Will mum still be locked away,
alone in her room. 

“Dementia patients 'deteriorating' without family visits”,
Alzheimer’s Society say. 
They have written to the health secretary,
but still no change today.  

How many more families,
will suffer loss and death apart?
This whole situation,
it just breaks my heart. 

Government must take urgent action

Help us maximise MP engagement in our upcoming parliamentary debate by writing to them to ensure they take part. 

Write to my MP
Dementia Connect support line
Our dementia advisers are here for you.
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50 comments

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My mum went into a care home after several water infections and delirium to get her back on her feet.
She was covid free on going in then covid was found to be in the home and after my mum had settle for 3 weeks caught the virus and within 10 days I had lost her. 8 weeks now and not a ssy goes by i am not affected.i miss her so so much.
I am devastated
Although I was with her at the end.i am lost without my beautiful best friend
My mum x

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We are so sorry to learn about the devastating loss you're dealing with. This must be an incredibly difficult time for you.

Please call our Dementia Connect support line on 0333 150 3456 if you need any emotional support. Our dementia advisers are here to listen when you need them: https://www.alzheimers.org.uk/dementia-connect-support-line

Some people also find it helps to talk with other people who have gone through or are going through similar experiences. If you think this would help, you can visit our online community, Talking Point, for peer support: https://forum.alzheimers.org.uk/

We hope this is helpful.

Alzheimer's Society blog team

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This horrific my mum is dying from dementia she has about a week left I habent held her hand since March...lockdown has killed mum mum and my soul too I am heartbroken broken the care home is letting me in tomorrow because my mum has days to.live I will take this to.my grave I am inconsolable my poor mum.must think that I abandoned her in her final year I'm so angry and heartbroken 😥

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Ive just read all these entries sobbing as I felt everyone's pain, but comforted that I am not alone with these feelings. Often when I visited (many many months ago) it felt as my mum was giving up, by the end of our visit she perked up as if she remembered she did still have a reason to go on and people to care, tragically I now cant visit and Im told she's "depressed", Im terrified she's giving up and feels abandoned - the guilt and feeling completely powerless to do anything is overwhelming. Thank you to everyone for sharing your stories and my heart & soul really really understands.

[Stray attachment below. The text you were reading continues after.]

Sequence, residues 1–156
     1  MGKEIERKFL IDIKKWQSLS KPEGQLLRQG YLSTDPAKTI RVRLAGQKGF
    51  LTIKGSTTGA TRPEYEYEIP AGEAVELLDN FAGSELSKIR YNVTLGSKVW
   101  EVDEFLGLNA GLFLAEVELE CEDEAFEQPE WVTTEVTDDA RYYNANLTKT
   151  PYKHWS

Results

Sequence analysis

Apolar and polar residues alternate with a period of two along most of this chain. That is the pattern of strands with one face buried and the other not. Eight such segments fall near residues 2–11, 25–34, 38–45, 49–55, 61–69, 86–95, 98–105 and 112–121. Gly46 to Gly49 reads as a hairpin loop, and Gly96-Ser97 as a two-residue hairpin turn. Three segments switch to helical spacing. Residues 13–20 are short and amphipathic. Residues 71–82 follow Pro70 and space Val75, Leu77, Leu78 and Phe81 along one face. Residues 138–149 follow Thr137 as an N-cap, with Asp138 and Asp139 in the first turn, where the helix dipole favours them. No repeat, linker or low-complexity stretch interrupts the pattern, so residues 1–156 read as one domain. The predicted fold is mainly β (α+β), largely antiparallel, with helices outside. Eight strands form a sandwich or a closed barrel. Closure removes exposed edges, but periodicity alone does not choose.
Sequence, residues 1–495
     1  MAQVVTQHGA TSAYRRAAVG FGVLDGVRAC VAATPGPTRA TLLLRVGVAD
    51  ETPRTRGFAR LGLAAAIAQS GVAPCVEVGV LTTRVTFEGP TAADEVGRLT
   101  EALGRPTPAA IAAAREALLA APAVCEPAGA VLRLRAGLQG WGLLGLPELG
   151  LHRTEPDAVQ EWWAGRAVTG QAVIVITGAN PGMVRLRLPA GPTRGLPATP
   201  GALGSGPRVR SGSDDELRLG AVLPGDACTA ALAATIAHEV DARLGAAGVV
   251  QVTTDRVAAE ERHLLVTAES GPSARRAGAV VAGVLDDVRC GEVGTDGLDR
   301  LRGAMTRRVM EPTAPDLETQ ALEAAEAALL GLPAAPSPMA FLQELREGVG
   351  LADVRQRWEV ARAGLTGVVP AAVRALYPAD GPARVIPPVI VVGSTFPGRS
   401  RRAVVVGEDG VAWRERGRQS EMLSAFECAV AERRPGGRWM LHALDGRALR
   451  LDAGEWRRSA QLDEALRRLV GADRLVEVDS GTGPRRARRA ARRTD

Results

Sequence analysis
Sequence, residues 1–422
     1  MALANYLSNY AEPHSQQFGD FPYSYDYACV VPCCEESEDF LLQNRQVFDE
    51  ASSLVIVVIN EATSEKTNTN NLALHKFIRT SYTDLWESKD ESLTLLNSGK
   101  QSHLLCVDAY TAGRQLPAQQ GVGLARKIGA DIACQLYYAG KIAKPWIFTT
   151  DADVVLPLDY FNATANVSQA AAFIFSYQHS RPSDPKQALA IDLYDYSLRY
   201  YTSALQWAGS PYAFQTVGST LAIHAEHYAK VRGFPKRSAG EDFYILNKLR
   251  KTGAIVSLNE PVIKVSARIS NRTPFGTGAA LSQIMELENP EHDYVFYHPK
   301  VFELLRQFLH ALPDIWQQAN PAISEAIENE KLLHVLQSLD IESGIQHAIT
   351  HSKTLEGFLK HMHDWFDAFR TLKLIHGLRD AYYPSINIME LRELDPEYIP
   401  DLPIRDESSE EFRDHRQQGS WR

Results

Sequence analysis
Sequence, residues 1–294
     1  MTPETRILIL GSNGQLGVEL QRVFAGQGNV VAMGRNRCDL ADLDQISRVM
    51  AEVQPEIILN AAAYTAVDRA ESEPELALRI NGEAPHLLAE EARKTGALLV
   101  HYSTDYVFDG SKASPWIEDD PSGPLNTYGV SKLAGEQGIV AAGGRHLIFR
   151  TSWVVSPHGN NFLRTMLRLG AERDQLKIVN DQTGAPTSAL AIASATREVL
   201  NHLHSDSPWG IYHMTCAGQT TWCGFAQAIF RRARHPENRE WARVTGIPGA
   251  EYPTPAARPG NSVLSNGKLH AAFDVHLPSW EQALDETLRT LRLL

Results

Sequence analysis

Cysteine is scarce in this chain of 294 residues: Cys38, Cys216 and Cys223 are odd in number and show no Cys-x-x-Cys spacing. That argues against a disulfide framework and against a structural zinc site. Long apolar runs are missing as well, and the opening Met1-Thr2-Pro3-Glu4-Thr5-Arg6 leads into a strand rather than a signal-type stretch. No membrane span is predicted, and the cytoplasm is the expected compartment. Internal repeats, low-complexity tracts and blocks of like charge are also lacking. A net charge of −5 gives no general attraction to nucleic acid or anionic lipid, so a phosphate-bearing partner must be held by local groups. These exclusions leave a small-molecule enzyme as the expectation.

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My heart breaks for everyone, My mum is in a care home with dementia but she loves going out and hates being locked up the initial lockdown was bad enough then came a local lockdown then they finally they resumed distant car park visits with her being in the foyer of the home at the end of August then 1st week of September lockdown again because of cases of Covid then last weekend got a call to say mum has tested positive she’s on antibiotics for her chest but the confusion and her lack of spirit she’s saying she’s going to die there please don’t forget me it’s tragic.

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I can relate so much to your poem, sadly my wonderful mum was unable to be without her family, I truly believe this, She was in a care home, we visited daily but my mum deteriorated rapidly starting mid May, she stopped eating, lost nearly a stone in weight, although she had vascular dementia she was ok, it was her mobility that was the main problem. I called daily and FaceTimed weekly, I was able to go in to see her on 14th July as the care home was so worried about her but it was too late, she was a shadow of her former self, slowly disengaging with everything, she slept a lot, wouldn’t eat or drink, she passed away in August, I’m absolutely heart broken , I cannot accept that I was unable to be her in her final months of life, we were very close, her granddaughters were unable to go and visit and they were her world, the care home did allow us to be with her in the last days of her life for which we were thankful for, I just hope she knew we were there. I just hope care homes find a safe way for relatives to visit, It’s absolutely vital residents have contact with their loved ones.